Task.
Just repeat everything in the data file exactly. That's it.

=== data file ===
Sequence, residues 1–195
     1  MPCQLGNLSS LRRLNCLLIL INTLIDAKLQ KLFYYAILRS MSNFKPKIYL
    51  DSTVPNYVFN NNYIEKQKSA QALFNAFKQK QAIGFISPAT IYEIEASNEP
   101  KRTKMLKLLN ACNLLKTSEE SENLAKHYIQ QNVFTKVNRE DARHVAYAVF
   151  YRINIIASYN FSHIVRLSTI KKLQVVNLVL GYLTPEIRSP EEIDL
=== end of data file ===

Sequence, residues 1–195
     1  MPCQLGNLSS LRRLNCLLIL INTLIDAKLQ KLFYYAILRS MSNFKPKIYL
    51  DSTVPNYVFN NNYIEKQKSA QALFNAFKQK QAIGFISPAT IYEIEASNEP
   101  KRTKMLKLLN ACNLLKTSEE SENLAKHYIQ QNVFTKVNRE DARHVAYAVF
   151  YRINIIASYN FSHIVRLSTI KKLQVVNLVL GYLTPEIRSP EEIDL